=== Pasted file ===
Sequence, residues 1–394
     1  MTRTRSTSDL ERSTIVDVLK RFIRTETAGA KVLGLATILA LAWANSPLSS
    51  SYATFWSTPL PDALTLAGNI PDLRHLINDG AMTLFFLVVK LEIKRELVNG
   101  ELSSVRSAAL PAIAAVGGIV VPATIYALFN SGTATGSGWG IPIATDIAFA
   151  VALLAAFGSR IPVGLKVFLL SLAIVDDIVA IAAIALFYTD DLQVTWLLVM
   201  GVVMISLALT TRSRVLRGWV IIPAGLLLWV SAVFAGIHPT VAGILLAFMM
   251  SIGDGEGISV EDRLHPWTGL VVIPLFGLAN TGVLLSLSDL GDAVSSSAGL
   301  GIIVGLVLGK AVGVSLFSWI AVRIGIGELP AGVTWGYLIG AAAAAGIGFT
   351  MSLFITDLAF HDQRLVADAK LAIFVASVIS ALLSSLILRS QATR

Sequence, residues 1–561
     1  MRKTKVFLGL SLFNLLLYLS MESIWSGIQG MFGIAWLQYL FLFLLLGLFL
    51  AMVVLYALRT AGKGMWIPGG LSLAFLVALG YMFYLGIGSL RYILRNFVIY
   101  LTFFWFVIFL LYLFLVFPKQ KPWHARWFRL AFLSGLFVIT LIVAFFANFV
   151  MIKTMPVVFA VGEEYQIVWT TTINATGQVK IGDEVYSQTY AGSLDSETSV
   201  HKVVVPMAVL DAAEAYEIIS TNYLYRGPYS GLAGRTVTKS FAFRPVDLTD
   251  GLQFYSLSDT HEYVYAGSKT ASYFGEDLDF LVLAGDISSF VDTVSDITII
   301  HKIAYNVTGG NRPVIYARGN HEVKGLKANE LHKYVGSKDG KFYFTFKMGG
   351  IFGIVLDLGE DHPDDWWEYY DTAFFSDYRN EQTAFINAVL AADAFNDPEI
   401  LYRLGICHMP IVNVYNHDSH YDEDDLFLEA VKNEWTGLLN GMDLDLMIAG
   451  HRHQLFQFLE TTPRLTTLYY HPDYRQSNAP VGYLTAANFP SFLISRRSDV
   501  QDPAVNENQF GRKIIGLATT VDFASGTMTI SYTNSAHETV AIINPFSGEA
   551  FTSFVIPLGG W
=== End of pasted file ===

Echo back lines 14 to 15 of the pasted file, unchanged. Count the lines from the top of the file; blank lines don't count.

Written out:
   151  MIKTMPVVFA VGEEYQIVWT TTINATGQVK IGDEVYSQTY AGSLDSETSV
   201  HKVVVPMAVL DAAEAYEIIS TNYLYRGPYS GLAGRTVTKS FAFRPVDLTD